US Dollar has no asset backing. And yet, we are still using it?

        I can’t send a bar of gold to someone in China to buy inventory. With Bitcoin, I can do this easily without needing a bank to take $45 USD and take three days to process. Bitcoin is not to replace gold or out fiat system. It is a way to pay someone digitally. If you want it as a store of value, you can do that too. I bet you a bar of gold, one bitcoin will be worth far more than your bar of gold 10 years from now.

        • Paul says:

          Probably right on confusing “who” sold their holdings. But… selling “all” your holdings shows you have no faith in it, or that it is likely to fall over. Don’t buy the selling because of perceptions of shilling (?)

          US dollar is backed by assets. Called US Government… biggest bunch of asses around. ; )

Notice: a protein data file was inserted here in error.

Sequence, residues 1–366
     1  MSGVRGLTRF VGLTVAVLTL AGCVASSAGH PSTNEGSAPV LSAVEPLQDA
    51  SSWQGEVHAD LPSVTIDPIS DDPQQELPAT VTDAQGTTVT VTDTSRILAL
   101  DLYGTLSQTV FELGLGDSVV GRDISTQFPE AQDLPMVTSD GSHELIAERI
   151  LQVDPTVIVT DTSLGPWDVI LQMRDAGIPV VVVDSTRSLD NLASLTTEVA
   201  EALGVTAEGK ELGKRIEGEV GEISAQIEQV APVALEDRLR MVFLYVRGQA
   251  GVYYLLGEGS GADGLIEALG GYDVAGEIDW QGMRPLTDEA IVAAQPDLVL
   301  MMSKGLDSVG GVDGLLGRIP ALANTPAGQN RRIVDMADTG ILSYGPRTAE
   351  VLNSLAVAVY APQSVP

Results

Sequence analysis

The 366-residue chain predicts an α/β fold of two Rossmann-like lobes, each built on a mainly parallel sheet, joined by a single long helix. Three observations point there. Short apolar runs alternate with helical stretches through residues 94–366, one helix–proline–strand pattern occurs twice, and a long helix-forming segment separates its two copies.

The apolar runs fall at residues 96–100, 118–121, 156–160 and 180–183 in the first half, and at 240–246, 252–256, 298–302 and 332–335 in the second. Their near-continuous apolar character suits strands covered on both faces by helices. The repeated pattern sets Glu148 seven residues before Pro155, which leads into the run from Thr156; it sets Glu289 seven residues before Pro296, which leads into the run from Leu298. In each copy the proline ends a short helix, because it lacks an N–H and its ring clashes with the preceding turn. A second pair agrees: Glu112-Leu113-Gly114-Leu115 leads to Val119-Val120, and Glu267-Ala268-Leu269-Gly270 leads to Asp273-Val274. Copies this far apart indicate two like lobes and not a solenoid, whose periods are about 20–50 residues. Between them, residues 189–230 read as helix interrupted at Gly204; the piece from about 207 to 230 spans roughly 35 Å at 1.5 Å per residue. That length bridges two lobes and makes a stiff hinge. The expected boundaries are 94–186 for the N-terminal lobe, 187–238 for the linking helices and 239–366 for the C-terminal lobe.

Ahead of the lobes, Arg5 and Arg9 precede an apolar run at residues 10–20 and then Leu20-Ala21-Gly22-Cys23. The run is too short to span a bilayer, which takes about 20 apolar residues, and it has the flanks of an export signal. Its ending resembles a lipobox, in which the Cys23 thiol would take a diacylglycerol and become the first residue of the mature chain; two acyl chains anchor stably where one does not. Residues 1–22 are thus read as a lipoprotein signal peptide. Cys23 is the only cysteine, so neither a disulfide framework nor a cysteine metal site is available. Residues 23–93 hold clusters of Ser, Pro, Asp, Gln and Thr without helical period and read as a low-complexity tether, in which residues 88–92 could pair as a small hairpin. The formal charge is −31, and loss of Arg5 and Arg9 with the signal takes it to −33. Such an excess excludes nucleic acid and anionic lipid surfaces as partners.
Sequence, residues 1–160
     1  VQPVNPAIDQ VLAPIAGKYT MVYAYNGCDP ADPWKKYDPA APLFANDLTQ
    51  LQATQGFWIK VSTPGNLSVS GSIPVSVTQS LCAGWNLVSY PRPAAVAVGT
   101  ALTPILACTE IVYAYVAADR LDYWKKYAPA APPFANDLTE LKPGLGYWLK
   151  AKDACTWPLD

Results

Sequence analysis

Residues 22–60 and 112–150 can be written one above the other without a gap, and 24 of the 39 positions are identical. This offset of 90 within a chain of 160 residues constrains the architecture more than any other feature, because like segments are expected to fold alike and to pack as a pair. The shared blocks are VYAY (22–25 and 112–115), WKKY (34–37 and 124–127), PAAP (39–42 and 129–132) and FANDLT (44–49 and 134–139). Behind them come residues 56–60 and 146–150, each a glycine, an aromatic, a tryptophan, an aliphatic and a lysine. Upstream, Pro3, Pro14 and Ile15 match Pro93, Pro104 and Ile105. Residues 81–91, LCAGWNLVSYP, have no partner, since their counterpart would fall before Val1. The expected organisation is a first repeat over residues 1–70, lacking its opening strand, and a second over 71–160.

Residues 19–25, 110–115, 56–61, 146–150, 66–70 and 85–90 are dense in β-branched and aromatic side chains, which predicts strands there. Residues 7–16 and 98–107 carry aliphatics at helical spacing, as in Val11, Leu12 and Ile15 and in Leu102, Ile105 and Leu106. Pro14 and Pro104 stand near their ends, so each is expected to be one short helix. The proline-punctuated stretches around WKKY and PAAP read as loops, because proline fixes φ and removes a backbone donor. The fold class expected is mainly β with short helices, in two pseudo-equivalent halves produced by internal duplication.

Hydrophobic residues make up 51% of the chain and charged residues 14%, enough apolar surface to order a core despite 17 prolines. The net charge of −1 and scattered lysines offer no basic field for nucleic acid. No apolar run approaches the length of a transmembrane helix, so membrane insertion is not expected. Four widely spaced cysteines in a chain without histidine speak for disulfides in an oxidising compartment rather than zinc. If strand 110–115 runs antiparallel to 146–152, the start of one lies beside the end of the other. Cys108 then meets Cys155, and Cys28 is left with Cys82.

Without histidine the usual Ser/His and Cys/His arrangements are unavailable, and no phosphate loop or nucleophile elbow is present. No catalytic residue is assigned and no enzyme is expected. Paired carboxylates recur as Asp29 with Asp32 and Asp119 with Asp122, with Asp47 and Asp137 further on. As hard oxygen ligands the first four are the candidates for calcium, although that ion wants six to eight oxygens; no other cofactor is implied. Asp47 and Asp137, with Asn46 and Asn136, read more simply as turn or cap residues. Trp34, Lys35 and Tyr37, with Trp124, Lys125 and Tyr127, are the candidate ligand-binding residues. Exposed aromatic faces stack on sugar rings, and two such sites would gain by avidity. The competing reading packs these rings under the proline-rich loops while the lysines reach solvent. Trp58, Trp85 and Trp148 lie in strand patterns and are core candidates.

Bitcoin will not be worth more than my bar of gold in 10 years time. 2 reasons, I will be dead in 10 years time, and I don’t have a bar of gold either. But then I don’t trade in very speculative items either. Which gold and Bitcoin (and its clones) very much are.

  • Paul says:

    Bitcoin secure? I. Don’t. Think. So…!!!!

    It has already been confirmed that North Korea (and how many other countries?) has started hacking the so called secure wallets. Add to that crime families… you know, Mafia, Cosa Nostra, Triad et al.

    Even my son, an early adopter, recognises that it could very easily go all pear shaped very, very soon.

    Certainly not safe as houses as the saying goes.

    • Sun says:

      You are confusing hacking an exchange with a hot wallet with the immutable security of the block chain. My wallet is still secure even if someone else’s wallet is compromised. If a bank is hacked, all the accounts are potentially compromised.